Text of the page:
Well has written to “approximately 580 landlords” asking for help with rent payments, including “reductions and to pay on a monthly basis rather than a quarterly one to ease the pressures on cashflow during these difficult times”, Well chief financial officer Lynn Krige told C+D earlier this week (June 16).
The “vast majority” of work in the Well branches during the pandemic has focused on dispensing prescriptions, which has “a very small margin”, she said. Well currently operates 752 community pharmacies, of which 626 are leaseholds.
The outbreak of COVID-19 has meant a “significant hit on our performance”, with income across the business dropping by “circa 25%” in the period, Ms Krige said.
This is largely a result of the “restricted access” for customers created by social distancing measures and the fact that the multiple has “not been able to carry out the majority of the services we receive income for”, she explained.
Well has “rightly” also spent “large amounts on protective equipment to keep our teams and patients safe”, she said.
“The success of Well and the landlords is inter-dependent, and we hope this spirit of cooperation and understanding during a time of national emergency will help us all be successful in the future,” Ms Krige added.
Well is not the only multiple is conversation with its landlords about rent payments and schedules. The COVID-19 pandemic has “severely impacted” trading at Boots stores, which have recorded a significant reduction in footfall, a spokesperson told C+D earlier in the week (June 16).
Many Boots branches “have just not had any customers over the past eight weeks” and the multiple has had to temporarily close around 100 branches.
The multiple recently approached some of its “larger commercial landlords” to suggest changes to rent and service change payments. It “reached revised agreements with many landlords and while some discussions are still ongoing, we have paused some payments,” the spokesperson told C+D.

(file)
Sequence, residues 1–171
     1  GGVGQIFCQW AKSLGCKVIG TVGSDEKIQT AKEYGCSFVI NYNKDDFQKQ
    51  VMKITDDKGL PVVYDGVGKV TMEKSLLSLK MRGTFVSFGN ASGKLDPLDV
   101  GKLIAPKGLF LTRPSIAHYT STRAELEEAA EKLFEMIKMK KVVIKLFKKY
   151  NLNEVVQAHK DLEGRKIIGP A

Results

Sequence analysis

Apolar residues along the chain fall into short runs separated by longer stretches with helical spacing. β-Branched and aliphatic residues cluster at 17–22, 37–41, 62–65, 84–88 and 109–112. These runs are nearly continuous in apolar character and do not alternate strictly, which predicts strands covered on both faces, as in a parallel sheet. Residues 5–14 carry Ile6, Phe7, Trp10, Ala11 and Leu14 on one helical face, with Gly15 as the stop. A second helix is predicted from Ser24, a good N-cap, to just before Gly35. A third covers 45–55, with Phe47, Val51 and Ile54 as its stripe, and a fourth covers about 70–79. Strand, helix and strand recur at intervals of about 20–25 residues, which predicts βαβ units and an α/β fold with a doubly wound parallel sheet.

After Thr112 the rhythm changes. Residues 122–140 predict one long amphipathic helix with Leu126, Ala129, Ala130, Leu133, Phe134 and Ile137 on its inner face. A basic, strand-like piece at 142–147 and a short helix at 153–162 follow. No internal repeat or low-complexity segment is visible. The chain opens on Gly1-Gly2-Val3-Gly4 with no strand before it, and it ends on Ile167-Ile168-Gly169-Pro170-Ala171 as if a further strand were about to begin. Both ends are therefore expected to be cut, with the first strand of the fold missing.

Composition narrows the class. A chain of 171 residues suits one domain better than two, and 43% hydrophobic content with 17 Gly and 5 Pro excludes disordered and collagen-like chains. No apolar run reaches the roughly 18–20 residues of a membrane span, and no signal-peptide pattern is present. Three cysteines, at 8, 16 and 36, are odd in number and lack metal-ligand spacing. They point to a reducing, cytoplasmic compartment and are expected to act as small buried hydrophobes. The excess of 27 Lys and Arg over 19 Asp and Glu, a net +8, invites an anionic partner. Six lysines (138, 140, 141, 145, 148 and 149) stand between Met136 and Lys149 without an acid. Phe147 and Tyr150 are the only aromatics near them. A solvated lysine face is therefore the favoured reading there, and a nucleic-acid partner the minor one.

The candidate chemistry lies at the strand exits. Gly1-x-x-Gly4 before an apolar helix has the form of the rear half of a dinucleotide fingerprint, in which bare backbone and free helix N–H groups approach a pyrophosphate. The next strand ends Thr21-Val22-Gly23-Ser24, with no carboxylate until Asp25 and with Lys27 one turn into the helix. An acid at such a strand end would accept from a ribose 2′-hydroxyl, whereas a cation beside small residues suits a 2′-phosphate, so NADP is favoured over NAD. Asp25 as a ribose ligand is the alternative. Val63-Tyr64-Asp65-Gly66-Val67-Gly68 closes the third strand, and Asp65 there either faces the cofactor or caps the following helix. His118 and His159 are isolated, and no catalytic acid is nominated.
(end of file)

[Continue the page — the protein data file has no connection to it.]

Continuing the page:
Lloydsphamacy has asked its landlords to accept rent payments on a monthly basis rather than every three months, the multiple told C+D on Tuesday (June 16).
This measure has received an “overwhelmingly positive response” from landlords, a spokesperson for Lloydspharmacy’s parent company McKesson UK told C+D. The multiple believes this change will help the business “keep liquidity in the supply chain” and enable it to continue to help patients during these “challenging times” they added.
In a blog for Retail Gazette on June 15, Lloydspharmacy chief financial officer Chris Keen said retailers “are facing an existential threat” following investment in a number of health and safety measures introduced in light of the COVID-19 pandemic.
“We shall be serving our patients and communities long into the future. And that is why landlords need to understand that their forbearance will help secure their income long term, “ Mr Keen said in the blog, also published on the McKesson UK website.
“We’re not asking for rent reductions (unlike some), just that rents are spread evenly over the next three months,” Mr Keen said.
English pharmacies have received a total of £350m in “advance funding” in recognition of the “cashflow crisis” they are experiencing due to COVID-19, while pharmacies in Scotland received an extra £5.5m on top of the advance payments due for the end of April.